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Re: "Burini" in the Papal States

Post by MarcuccioV »

Interesting reading. Thank you, mmogno. Not a lot more information, but it does support my original research...
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Re: "Burini" in the Papal States

Post by darkerhorse »

cafone
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Re: "Burini" in the Papal States

Post by darkerhorse »

I think some pronounce it "gabone" or "gavone".

Bob Gigante used to call people that.
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Re: "Burini" in the Papal States

Post by MarcuccioV »

darkerhorse wrote: 25 Jul 2022, 17:14cafone
Yes, I'm familiar with the term. I guess from the Roman perspective, they might be thought of as "undesirables.".

Prior to my grandparents generation, all (or almost all) of the priors were illiterate, so along with a lack of 'trade' professions, it seems to confirm my suspicions...
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Re: "Burini" in the Papal States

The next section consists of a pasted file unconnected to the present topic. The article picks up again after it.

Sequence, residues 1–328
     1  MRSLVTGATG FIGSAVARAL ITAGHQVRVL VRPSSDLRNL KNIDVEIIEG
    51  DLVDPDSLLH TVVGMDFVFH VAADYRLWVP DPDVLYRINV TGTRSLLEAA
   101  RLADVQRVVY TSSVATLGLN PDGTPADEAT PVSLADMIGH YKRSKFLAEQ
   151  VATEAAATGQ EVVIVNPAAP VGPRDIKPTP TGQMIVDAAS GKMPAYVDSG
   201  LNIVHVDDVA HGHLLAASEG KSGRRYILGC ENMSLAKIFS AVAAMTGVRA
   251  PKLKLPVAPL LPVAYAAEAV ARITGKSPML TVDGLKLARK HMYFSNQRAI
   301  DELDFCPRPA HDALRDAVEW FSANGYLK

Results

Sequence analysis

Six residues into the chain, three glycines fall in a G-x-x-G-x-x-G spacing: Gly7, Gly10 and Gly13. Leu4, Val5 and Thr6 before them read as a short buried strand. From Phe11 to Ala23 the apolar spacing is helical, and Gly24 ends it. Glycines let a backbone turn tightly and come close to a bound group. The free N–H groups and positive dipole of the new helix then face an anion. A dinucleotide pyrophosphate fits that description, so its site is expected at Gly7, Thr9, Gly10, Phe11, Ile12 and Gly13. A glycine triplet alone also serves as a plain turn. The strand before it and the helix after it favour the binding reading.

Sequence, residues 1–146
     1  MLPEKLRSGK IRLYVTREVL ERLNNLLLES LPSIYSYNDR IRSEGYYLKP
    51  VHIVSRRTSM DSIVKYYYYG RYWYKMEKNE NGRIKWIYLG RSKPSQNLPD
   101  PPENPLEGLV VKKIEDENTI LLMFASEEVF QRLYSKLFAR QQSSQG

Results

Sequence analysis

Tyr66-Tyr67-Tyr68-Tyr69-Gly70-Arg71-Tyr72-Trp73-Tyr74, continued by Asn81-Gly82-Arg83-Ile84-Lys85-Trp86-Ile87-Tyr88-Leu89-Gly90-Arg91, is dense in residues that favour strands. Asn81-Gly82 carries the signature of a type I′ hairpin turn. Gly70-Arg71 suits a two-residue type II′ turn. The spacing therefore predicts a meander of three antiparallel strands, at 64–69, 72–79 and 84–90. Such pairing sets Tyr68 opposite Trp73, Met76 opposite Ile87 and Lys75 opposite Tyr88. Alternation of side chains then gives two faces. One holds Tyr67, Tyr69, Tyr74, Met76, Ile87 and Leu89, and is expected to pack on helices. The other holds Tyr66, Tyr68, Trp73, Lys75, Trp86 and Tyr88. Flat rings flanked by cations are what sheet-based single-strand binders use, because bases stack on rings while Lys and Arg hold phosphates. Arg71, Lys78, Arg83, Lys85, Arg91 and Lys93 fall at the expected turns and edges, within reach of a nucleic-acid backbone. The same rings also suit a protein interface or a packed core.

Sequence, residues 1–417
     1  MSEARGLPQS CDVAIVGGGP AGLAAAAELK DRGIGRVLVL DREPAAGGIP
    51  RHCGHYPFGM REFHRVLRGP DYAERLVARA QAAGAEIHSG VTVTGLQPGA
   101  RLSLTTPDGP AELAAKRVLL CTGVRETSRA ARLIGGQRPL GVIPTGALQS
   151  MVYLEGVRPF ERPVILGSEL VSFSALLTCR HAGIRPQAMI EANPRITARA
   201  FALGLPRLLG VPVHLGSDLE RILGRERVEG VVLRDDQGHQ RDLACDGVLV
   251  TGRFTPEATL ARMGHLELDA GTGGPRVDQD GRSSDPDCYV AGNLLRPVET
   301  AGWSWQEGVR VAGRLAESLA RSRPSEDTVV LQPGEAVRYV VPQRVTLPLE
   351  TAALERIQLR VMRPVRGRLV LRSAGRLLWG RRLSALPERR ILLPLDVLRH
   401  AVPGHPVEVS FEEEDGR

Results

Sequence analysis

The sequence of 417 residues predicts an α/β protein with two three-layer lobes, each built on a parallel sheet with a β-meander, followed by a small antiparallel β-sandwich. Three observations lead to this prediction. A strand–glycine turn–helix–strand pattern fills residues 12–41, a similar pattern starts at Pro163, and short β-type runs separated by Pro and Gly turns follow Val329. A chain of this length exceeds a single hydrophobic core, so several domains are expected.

Post by MarcuccioV »

darkerhorse wrote: 25 Jul 2022, 17:18 I think some pronounce it "gabone" or "gavone".

Bob Gigante used to call people that.
BTW, one of my close mtDNA matches (Sicilian, of course) is surnamed 'Gigante'. Big surprise...
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Re: "Burini" in the Papal States

Post by suanj »

The unification of Italy was proclaimed on March 17, 1861. But the Papal States had more long life, until 1870, and also the Marche region was under Papal power. This precisation for the following explanation abut the "burini".

With regard to the word "burino", this word meant the farmer who worked the land outside the "urbe", the countryside outside the perimeter of the town, ie outside the "urbe".